Sunday, 28 July 2013

The War in Rome

"Courage, my love," reads the message carefully stitched inside the old wool sock given by a grieving family to a loved one held inside Rome's dreaded Gestapo prison located mere steps from the city's historic and magnificent church San Giovanni in Laterano.

Today, Via Tasso 145 is no longer the torture chamber of the Second World War but is instead the nondescript Historical Museum of Liberation - a small collection of artifacts, commemorating mostly Italians but also some Allied soldiers who lived and usually died fighting for Italy's liberation from Hitler's forces.

Rooms are lined with newspaper clippings from clandestine journals of the day and posters warning the populace not to harbour members of Resistance or Jews. Some boast numerous photos or letters by the 2,0000 prisoners who passed through Via Tasso, as well as stories of some of the most famous Resistance members, particularly the heroic Colonel Giuseppe Cordero di Montezemolo. An officer in the Italian Army who organized the Roman resistance, it is said that the Nazi SS interrogated and tortured Montezemolo at Via Tasso for 58 days, but he uttered not a word.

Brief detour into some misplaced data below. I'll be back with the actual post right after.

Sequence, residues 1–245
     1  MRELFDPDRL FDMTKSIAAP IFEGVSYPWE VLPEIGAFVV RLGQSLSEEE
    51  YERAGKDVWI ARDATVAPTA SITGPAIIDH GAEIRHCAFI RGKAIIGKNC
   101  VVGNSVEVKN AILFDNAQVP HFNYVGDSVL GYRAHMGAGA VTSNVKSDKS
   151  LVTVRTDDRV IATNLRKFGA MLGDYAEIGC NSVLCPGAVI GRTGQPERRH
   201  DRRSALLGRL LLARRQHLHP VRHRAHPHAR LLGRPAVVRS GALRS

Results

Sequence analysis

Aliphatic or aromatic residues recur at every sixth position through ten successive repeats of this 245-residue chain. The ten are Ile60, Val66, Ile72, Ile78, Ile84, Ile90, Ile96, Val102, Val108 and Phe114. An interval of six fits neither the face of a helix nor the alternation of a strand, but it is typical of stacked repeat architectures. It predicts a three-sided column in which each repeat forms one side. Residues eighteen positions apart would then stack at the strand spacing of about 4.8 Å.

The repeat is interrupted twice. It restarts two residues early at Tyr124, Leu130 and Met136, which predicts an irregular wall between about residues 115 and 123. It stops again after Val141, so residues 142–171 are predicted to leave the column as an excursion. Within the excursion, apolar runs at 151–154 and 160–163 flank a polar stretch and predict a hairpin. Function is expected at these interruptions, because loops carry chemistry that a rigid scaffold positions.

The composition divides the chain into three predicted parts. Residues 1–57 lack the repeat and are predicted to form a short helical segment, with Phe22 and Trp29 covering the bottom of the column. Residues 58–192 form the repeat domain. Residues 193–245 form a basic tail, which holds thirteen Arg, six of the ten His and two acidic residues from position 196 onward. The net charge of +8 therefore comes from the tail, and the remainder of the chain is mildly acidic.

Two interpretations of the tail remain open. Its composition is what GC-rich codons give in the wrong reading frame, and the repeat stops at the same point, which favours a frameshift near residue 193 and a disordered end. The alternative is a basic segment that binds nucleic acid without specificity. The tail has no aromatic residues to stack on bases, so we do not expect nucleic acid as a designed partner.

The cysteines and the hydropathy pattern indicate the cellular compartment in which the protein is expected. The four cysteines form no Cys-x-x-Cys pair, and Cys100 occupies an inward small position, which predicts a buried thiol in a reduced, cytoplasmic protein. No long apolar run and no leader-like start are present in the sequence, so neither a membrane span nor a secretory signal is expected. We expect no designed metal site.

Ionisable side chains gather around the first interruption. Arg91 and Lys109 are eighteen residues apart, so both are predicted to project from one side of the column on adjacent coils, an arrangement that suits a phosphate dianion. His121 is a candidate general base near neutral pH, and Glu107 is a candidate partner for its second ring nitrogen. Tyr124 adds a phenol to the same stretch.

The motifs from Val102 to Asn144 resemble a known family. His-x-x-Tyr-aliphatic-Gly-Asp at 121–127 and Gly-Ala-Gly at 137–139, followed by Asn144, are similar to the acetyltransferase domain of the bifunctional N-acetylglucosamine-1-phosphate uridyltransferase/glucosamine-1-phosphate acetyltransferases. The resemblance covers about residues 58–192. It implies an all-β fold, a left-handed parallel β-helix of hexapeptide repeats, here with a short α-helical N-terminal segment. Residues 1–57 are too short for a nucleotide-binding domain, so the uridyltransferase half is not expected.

Intensely personal messages can be seen scratched into the windowless cells where prisoners were crammed, including many women who were part of the Resistance. Broken pocket watches showed the hour of seizure, while the personalized sock and articles of blood-stained clothing attest to the purpose of the prison.

The story of the Gestapo crackdown in Rome was immortalized in a brilliant 1945 film by Roberto Rossellini called "Roma: citta aperta" (Rome: Open City.) These photos were all from the deeply moving film which Rossellini conceived of and wrote with a partner while the war still raged around them.

The museum particularly focuses on the nine dark months of the Nazi occupation of Rome - from September 11, 1943 to June 4, 1944 - when the apartments on Via Tasso were used as a prison by the command of the German security police headed by Herbert Kappler.

When it was finally liberated on June 4, 1944, the public raced into the palazzo, freed prisoners and plundered the building, the museum says in its official history. Some displaced people lived there for a time until 1950 when the building's owner, the Ruspoli family, donated four of the apartments to the state.

I would highly recommend a visit but warn that almost all information is in Italian (with a bit in German.)

1 comment:

Annie said...

It sounds well worth visiting. What a chilling time that was.